The master's report found the widow's estate was "not entitled to have a gross sum in lieu of her dower in the Green Street lot" because she died prior to the sale. Id. at 195. Relying on Mulford, the Chancery court agreed completely with the Master. Ibid. Thus, the Chancery court restricted any proceeds from the Green Street lot from being included in the gross sum, which would be awarded the widow's estate.

On appeal, the Court of Errors and Appeals expressly approved the Chancellor's conclusion that the widow's estate would receive a gross sum in lieu of dower. 22 N.J. Eq. 505, 512 (E. & A. 1871). As plaintiff correctly notes, the opinion of the Court of Errors and Appeals does not mention the Green Street lot specifically. However, when considered within the context of the prior Chancery opinion, it is clear that the Court agreed that proceeds from the sale of the Green Street lot would not be included in any amounts awarded to her estate.

In its discussion of the question, the Court called the Mulford ruling "too well established in the practice of the court to be now shaken," and described the rule as follows:

where, after the sale of the premises in partition, the widow agrees to accept in lieu of her dower such sum as the Chancellor shall deem reasonable, and dies before distribution, by such consent the right becomes vested. [Id. at 512 (emphasis added).]

By describing the Mulford rule as applying to a widow who dies before distribution of proceeds, the McLaughlin Court implicitly distinguished between the situation where proceeds exist and only distribution remains, from the situation where no proceeds at all exist, as was the case involving the Green Street lot. Given the Court's recognition of Mulford's application solely to sold property, plaintiff's argument is unavailing. See also, New Jersey Practice, Wills and Administration, § 1303, at 470 (Alfred C. Clapp & Dorothy G. Black) (rev. 3d ed. 1984). Accordingly, we are entirely satisfied that Mrs. Wheaton's dower interest abated upon her death.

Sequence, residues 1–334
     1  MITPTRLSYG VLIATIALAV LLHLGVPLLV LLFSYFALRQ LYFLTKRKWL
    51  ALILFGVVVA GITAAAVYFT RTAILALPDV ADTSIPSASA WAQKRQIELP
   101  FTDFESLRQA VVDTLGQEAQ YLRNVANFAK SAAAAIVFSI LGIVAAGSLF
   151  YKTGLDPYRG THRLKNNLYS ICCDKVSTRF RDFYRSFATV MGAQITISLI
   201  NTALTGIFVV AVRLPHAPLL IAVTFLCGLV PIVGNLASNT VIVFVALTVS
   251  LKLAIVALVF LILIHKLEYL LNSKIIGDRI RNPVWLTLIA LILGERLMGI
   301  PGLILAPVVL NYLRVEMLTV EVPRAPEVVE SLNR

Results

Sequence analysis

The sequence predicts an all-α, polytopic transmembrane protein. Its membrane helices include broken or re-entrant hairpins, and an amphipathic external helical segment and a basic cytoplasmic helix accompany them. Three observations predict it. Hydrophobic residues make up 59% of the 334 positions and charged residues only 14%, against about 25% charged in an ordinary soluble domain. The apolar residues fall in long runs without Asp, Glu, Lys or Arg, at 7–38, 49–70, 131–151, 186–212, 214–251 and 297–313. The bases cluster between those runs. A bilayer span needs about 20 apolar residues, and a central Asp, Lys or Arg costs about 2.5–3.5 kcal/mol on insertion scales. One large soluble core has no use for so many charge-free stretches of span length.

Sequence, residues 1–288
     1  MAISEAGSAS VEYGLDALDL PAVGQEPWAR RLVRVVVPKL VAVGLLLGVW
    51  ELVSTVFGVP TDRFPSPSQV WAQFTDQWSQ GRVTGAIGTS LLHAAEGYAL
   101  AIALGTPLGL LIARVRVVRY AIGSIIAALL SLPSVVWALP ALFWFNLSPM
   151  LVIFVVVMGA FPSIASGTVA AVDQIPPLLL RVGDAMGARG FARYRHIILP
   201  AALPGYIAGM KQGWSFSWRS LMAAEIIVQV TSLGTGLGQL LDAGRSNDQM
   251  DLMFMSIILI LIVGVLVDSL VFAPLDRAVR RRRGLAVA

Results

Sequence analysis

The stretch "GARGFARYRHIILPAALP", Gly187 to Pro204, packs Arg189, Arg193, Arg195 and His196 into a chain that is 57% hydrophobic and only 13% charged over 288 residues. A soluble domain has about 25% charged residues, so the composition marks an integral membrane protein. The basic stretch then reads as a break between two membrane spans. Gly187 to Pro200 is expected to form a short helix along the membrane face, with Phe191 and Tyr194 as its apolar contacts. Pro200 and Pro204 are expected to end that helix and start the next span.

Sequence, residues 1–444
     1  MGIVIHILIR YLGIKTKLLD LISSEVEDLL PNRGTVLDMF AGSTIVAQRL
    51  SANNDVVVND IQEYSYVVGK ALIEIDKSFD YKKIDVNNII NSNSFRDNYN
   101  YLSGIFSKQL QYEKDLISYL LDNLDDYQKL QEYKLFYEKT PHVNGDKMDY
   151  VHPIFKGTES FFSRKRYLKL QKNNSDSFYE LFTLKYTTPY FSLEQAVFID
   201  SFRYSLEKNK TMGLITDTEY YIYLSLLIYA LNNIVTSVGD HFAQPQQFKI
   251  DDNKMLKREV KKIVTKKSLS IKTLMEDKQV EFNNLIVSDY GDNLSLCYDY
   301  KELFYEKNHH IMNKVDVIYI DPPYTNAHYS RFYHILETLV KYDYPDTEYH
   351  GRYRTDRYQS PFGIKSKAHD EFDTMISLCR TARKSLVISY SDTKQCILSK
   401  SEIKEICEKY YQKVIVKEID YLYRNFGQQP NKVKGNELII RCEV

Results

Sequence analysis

Later cases support this conclusion. Twenty years after Mulford, the Chancellor considered the case of a widow who had not sued for her dower during her lifetime. See Pollitt v. Kerr, 49 N.J. Eq. 65 (Ch. 1891). During his lifetime, the husband sold one parcel of land, but his wife did not join him in the deed. Id. at 66. He executed a mortgage on a second parcel of land, to indemnify his grantee against the possibility he might predecease his wife, and she would then seek to enforce her dower rights against the grantee. Ibid. The husband did indeed pre-decease his wife. Ibid. Thereafter, the widow approached her husband's grantee and demanded her dower, orally and in writing. Ibid. The grantee ignored her, but she brought no suit. Ibid. After she died, her administrator petitioned the court for an award of the mesne profits (rents and income) from the land earned between the time she demanded her dower and her death. Ibid.